MUSTARD TREE MINISTRY
The name of the Rev. Barry Kidwell's Mustard Tree Ministry has its roots in a parable.
In Matthew 13:31-32, Jesus says: "The kingdom of heaven is like a mustard seed, which a man took and planted in his field. Though it is the smallest of all your seeds, yet when it grows, it is the largest of garden plants and becomes a tree, so that the birds of the air come and perch in its branches."
"A mustard tree provides shelter," Kidwell said. "It provides food because you can eat the seed off of it and it also reproduces. And that's what we want to do. We want to be a safe place, help people find shelter, get the necessities of life and help other people to do the same kind of ministry wherever they are."
Other churches interested in helping to house the homeless can reach Kidwell at 619-8008.
Blue, black and white tarps hang abandoned along a vacant two-acre lot behind First Baptist Church of Chattanooga, remnants that once shielded former inhabitants of the site from wind and rain.
For at least five years, the site - just below BlueCross BlueShield of Tennessee's headquarters on Cameron Hill - has been home, off and on, to more than two dozen homeless people living in tents and under tarps, said the Rev. Barry Kidwell, who ministers to the homeless. Only three remain and, by the end of this month, they also will be gone, he said.
But they haven't moved to another makeshift shelter where they will shiver and suffer through another outdoor winter. At least 18 have found homes thanks to First Baptist Church and six other congregations, along with Kidwell's Mustard Tree Ministry.
The churches have adopted the formerly homeless people. Some congregations have coordinated donations for beds, tables, chairs, sheets and dishes.
"But it's not just a matter of buying furniture and utensils for the house, even though that's very important," said First Baptist deacon Herb Hooper. "We want to, hopefully, develop a relationship to give them support over a period of time."
To the churches, they're not just homeless people who were living on the property, said the Rev. Thomas Quisenberry, pastor of First Baptist Church at the Golden Gateway.
"We know their names, we can celebrate with them and we also know some of their specific needs," he said.
Calvin Sprik, 56, who has lived in a tent at the site for about a year, is among the last to receive help. Church officials were scheduled to meet with him last week and promise that, by the end of the month, he, too, will have a house. But he's skeptical.
"People tell me they're going to help me and they don't," said Sprik. "I don't believe it until they show me."
BEHIND THE MOVE
The decision to move the homeless came in part because of the Tennessee Department of Transportation's plans to add additional travel lanes on U.S. 27 and to widen the Olgiati Bridge. The homeless camp sits on a slope overlooking the highway.
"They [transportation department] will be taking pretty much all of our sloped land, and they will take some of our flat," Quisenberry said.
Construction isn't expected to start until fiscal year 2014, which begins on July 1, 2013, according to transportation officials.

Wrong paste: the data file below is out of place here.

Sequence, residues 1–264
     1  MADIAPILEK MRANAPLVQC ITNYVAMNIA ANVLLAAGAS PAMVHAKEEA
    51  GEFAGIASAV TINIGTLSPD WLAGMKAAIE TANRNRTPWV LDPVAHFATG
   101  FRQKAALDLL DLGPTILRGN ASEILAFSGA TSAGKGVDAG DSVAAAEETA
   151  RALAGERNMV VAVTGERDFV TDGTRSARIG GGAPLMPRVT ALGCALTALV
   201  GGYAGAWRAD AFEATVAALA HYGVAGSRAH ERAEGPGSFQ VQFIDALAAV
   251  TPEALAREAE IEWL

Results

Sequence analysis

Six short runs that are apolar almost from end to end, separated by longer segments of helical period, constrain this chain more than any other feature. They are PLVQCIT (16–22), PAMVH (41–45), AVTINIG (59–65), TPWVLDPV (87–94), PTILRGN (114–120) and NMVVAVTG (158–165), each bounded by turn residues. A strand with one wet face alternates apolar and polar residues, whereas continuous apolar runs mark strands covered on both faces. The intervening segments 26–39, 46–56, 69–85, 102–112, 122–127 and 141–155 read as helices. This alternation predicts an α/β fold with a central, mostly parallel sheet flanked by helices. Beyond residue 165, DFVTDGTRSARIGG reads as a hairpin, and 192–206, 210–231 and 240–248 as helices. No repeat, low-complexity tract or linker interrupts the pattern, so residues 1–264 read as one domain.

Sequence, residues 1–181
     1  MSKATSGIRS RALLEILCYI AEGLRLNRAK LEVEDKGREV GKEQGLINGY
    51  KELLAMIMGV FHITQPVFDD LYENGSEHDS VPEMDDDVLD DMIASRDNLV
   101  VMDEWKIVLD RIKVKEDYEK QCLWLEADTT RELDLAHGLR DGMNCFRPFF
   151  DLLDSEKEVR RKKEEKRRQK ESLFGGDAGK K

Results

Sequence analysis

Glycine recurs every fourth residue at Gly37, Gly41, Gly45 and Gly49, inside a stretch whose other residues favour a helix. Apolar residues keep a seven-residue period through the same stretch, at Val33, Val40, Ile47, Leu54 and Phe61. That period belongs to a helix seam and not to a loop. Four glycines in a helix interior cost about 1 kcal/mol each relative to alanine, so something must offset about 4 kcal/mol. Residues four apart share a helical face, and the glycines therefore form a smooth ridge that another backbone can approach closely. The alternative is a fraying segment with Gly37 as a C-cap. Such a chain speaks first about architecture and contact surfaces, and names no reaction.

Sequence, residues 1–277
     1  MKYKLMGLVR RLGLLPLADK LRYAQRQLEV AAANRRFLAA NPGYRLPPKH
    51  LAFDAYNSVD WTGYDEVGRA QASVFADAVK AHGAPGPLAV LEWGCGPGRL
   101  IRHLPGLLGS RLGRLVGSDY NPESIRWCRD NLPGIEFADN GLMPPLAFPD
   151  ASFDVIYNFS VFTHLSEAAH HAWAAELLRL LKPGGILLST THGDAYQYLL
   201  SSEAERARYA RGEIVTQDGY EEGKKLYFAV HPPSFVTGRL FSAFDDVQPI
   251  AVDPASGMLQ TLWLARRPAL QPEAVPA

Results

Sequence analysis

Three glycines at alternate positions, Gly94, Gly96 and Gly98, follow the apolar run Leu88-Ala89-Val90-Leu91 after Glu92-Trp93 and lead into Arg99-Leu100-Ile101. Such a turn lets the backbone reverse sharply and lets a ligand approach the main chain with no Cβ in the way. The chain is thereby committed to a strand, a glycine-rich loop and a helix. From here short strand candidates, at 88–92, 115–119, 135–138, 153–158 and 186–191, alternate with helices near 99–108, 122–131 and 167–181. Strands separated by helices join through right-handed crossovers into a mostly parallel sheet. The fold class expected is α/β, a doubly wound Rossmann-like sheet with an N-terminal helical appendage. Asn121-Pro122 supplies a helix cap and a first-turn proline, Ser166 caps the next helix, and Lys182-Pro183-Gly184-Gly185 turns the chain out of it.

The churches also were concerned for the campers' safety because of the campfires they were lighting to keep warm, said Chattanooga Homeless Coalition Executive Director Mary Simons.
The result was that First Baptist members set out in December to find housing for the tent dwellers behind their church. And they have been successful.
The church teamed up with congregations including First-Centenary United Methodist, Signal Crest United Methodist and Mountain Creek Baptist. Kidwell helped pair the homeless people with churches willing to adopt them.
Most of the tent dwellers were housed in private homes and apartments with vouchers the homeless coalition received through the Southeast Tennessee Human Resource Agency. Others who were homeless but able to work were housed with funds from the city's Homelessness Prevention and Rapid Re-Housing Program.
They have housing for six months, and homeless coalition officials hope that will give them time to find jobs so they can continue paying rent when the Re-Housing money expires.
Renters also found homes near Hixson Pike, Rossville Boulevard and the East Lake community, Quisenberry said.
The churches will continue their relationship with the campers even after they have been placed, he said. After they get jobs, they will get help from the church with money management and possibly tutoring for those who need help with education.
When two homeless people got married last week, members of the church attended.
The church also partnered with BlueCross, which put two portable toilets and a trash bin on the campsite about a month ago to help with cleanup.
The relationships the churches are building with the homeless are important to the people's success, Simons said.
"The more people are invested in their new community, the longer they will stay, even when challenges present themselves," she said. "And they will also have people to turn to. If we have people to turn to when we have challenges, it helps to keep small challenges small rather than allowing it to grow into a large problem."
Sprik came to the camp after serving 25 years in prison. He admits to stealing, but won't say exactly why he was locked up. He served the full sentence for his crime and wants to put the past behind him, he said.
"A lot of people say, 'Get a job,'" Sprik said. "But they don't know what the reasons are for unemployment. I'm not out here ... by choice. I'm out here because I have to be out here. I can't get a job."
He said he even was rejected for a job as a dishwasher. After he admitted to being a felon, the employer said he had too much experience.
"How you going to have too much experience washing dishes?" Sprik asked.